Resident at Westbeth since 1970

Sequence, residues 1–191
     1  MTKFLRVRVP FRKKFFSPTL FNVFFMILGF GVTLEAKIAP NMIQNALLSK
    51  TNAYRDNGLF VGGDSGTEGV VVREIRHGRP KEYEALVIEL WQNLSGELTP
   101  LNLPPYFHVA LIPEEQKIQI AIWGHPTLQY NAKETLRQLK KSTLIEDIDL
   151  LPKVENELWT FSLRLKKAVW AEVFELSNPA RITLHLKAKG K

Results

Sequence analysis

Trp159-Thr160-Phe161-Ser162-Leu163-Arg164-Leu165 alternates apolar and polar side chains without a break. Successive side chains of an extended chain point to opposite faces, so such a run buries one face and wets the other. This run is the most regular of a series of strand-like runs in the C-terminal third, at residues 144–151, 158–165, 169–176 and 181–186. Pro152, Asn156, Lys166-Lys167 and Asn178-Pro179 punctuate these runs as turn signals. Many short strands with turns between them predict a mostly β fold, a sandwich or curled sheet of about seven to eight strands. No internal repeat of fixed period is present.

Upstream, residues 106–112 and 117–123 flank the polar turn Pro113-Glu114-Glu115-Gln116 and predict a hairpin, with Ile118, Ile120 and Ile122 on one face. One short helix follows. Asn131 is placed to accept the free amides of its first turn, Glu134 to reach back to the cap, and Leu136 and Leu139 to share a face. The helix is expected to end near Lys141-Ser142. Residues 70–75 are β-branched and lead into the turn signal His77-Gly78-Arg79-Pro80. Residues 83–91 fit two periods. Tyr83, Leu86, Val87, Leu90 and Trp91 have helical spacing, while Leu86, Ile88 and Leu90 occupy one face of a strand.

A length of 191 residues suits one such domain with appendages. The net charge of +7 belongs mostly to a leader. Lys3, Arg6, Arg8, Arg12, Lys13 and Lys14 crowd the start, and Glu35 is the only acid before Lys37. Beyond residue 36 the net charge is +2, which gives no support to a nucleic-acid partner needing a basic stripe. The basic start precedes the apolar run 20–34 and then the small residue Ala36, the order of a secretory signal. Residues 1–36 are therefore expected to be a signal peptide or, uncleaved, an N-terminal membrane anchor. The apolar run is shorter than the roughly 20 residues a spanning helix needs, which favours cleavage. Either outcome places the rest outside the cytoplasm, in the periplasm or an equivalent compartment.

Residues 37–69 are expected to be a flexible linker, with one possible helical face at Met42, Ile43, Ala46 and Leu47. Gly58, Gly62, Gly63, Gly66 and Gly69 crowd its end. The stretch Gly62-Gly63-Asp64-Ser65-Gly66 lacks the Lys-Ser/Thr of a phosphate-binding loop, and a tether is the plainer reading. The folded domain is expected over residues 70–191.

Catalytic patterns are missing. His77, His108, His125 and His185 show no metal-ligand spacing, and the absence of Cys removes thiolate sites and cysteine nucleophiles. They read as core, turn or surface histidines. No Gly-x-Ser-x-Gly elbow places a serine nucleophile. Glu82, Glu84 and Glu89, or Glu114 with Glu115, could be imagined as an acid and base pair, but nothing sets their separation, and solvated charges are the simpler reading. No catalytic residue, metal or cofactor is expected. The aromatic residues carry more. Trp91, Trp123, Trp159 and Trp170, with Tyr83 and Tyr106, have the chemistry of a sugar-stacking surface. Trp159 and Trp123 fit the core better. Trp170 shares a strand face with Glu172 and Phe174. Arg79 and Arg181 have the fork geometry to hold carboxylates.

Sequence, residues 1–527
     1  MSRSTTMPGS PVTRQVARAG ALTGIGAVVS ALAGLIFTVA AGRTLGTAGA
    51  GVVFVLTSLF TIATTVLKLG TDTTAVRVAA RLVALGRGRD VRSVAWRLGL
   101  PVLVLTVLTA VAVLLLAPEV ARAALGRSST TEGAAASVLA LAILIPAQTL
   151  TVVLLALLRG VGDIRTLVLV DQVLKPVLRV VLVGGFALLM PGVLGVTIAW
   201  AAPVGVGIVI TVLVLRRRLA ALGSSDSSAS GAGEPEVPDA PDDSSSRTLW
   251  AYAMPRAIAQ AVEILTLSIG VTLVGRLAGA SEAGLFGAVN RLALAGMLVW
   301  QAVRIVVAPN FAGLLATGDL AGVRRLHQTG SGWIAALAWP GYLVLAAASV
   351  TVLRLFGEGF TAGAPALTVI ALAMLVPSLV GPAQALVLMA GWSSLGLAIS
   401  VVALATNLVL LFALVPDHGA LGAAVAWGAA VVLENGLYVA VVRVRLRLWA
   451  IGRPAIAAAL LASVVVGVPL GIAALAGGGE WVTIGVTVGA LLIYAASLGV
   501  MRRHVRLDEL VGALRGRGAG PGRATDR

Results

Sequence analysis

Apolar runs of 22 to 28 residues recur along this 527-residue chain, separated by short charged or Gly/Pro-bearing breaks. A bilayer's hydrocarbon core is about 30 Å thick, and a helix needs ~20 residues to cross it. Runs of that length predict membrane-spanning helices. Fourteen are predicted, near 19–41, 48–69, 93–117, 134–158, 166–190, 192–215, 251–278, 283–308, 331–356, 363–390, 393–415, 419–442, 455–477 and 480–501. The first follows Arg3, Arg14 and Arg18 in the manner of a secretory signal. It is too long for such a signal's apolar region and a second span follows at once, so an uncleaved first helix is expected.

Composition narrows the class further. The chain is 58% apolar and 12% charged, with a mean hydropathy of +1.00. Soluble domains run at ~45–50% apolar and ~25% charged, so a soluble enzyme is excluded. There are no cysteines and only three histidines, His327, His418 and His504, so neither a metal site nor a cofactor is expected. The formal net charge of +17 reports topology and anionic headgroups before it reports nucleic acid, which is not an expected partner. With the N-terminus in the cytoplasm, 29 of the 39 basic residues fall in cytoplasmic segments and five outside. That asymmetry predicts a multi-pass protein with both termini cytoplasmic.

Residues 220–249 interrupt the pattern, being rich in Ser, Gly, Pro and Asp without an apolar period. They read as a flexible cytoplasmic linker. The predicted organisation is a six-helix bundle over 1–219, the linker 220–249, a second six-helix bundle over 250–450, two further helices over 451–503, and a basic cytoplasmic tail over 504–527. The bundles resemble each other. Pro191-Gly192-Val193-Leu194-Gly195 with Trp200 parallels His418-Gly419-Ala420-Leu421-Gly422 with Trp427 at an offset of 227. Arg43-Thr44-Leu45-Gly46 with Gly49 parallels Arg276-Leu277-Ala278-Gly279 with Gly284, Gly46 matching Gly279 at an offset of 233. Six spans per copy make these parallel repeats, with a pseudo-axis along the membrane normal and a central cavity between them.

One Christmas, my sister Rachel and I got matching blue bikes, and my sister Jane got a little red one. We would ride them in our courtyard around and around the center fountain, which was surrounded by a circle of round cement seating pedestals. We also roller-skated with those clip-on metal slide-to-fit skates that strapped onto your sneakers. And then one Christmas, we got real roller skates with the lace-up white boots. Sometimes we rode skateboards, and watched in awe as the teenage boys did skateboard tricks riding up ramps and off the cement block stage area in the courtyard. In the winter, the center fountain would freeze over, and a moat of ice would surround the wrought iron grate on top where the water shot up during the summer, and we would ice skate around the frozen fountain in circles. All the kids would gather in the communal courtyard, which was semipublic as it was connected to the sidewalk, and anyone could wander in. So it was a real meeting place for the building kids and adults, as well as kids from other neighborhoods who would hang out there regularly–plus a few unwanted gang members and drug addicts off the streets. But it was the West Village of the 1970s, when the streets were gritty and nearly empty. It was an edgy wasteland, but inhabited by the bohemian artists and homesteaders who contributed to making New York City so attractive with their culture and lifestyle.